Tanya said, quote, "The amount of relief this gives us is indescribable." End of quote. Now they can finally start savings for retirement.

Next, we fixed what's called the income-driven payment—repayment program. And here's how that works: If you have an undergraduate loan after 20 years of straight paying—not missing—paying a debt on a monthly basis, whatever is left of your loan is forgiven at 20 years.

But because of administrative failures, some people who did pay their loans for 20 years or more did not get the debt relief they had earned. We fixed that and made sure borrowers got credit for every single payment they made.

As a result of these changes, today I'm announcing my administration has approved an additional $9 billion in relief for 125,000 borrowers in just the past few weeks under that program. With the latest debt cancellation, in total, my administration has canceled $127 billion in student debts for nearly 3.6 million Americans.

This kind of relief is lifechanging for individuals and their families, but it's good for our economy as a whole as well. By freeing millions of Americans from the crushing burden of student debt, it means they can go and get their lives in order. They can think about buying a house. They can start a business. They can be starting a family. This matters. It matters in their daily lives.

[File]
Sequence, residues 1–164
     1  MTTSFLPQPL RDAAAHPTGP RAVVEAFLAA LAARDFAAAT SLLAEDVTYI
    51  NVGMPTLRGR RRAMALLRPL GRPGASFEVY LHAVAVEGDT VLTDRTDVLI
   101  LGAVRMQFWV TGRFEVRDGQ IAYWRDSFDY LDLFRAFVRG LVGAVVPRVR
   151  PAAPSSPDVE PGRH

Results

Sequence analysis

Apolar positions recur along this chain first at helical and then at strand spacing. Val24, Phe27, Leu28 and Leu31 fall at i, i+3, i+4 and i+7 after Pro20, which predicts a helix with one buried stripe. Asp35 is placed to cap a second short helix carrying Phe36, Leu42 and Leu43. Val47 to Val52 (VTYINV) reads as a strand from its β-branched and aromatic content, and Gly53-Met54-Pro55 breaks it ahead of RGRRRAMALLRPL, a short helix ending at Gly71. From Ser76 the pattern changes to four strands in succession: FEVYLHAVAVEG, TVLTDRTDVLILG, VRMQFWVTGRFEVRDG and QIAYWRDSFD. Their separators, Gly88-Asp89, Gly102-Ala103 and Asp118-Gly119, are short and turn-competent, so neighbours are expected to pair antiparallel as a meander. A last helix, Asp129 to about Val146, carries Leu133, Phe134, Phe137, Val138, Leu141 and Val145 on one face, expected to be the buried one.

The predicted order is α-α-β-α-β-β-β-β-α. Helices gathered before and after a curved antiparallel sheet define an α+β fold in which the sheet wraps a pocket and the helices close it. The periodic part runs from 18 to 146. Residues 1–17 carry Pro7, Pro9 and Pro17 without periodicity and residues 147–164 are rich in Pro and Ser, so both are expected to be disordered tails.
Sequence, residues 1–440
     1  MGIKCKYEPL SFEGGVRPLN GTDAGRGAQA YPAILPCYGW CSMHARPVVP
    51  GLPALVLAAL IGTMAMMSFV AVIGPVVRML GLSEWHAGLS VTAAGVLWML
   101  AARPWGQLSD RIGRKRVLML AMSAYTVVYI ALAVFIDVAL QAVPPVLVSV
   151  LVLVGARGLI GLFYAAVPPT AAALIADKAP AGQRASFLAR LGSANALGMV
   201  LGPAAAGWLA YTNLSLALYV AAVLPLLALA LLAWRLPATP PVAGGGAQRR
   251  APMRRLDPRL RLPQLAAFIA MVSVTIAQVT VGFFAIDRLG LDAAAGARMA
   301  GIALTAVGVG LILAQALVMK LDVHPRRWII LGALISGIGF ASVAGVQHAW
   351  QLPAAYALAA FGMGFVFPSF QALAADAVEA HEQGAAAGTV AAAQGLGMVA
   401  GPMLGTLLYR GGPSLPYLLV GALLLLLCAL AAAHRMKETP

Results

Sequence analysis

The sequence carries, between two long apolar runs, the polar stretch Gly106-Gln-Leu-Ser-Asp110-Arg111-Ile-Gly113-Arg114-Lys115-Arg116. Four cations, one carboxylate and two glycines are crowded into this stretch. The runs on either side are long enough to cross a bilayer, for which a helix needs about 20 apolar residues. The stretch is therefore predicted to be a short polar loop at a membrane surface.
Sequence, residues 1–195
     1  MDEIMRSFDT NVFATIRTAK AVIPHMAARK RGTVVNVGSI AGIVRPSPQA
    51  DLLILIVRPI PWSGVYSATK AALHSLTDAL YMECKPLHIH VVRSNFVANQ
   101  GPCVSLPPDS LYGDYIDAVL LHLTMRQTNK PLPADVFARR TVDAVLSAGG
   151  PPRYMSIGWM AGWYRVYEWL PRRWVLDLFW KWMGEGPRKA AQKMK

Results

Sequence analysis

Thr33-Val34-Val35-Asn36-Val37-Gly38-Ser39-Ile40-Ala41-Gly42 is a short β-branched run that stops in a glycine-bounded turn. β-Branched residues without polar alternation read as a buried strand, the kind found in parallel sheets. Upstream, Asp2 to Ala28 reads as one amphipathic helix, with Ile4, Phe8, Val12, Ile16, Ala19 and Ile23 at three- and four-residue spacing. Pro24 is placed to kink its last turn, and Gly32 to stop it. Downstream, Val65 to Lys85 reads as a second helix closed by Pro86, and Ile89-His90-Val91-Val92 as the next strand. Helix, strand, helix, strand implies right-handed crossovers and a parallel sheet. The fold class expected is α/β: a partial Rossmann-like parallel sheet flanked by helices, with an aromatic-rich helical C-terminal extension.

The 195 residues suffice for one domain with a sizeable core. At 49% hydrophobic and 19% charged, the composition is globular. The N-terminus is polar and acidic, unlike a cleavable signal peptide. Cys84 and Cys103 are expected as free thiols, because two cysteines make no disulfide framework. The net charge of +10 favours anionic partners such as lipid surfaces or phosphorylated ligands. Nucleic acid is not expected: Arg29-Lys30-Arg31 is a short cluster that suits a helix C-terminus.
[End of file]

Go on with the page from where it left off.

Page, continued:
This latest progress builds on other steps we've taken. We made the largest increase in Pell grants in over a decade, helping students of families making less than $60,000 a year get to college. We've made additional improvements to the income-driven repayment program.

Before I took office, student borrowers would pay no more than 10—could pay no more than 10 percent of their discretionary income on a monthly basis if they wanted to do it that way. But under my administration's plan, which is called SAVE Plan, we reduced that to 5 percent for undergraduate borrowers. That's now the most generous repayment program ever.

Under this plan, no one with an undergraduate loan today or in the future, whether at a community college or a 4-year college, will have to pay more than 5 percent of their discretionary income to repay these loans. This in—that's income after you pay for necessities like housing, food, and other necessaries.

You can sign up for the SAVE Plan at studentaid.gov/SAVE. Studentaid-dash-gov-slash—studentaid-dash—[laughter]—studentaid.gov/SAVE.

And remember, if you keep up your payments, after 20 years, whatever is left in those loans is forgiven.

And we're still not done. As you might remember, last year I announced a major proposal for student debt relief. We were on the verge of providing more than 40 million Americans with real relief from their student debt. The money was literally about to go out the door, but Republicans and elected—Republican elected officials and special interests stepped up and sued us.

And the Supreme Court sided with them, snatching from the hands of millions of Americans thousands of dollars in debt—student debt relief that was about to change their lives. As I said at the time, I believe the Court's decision to strike down my student debt relief program was wrong. But I promised I wouldn't give up.

Since then, my administration has been pursuing a new approach grounded in—under a different law: the Higher Education Act. This act allows the Secretary of Education to compromise, waive, or release loans under certain circumstances.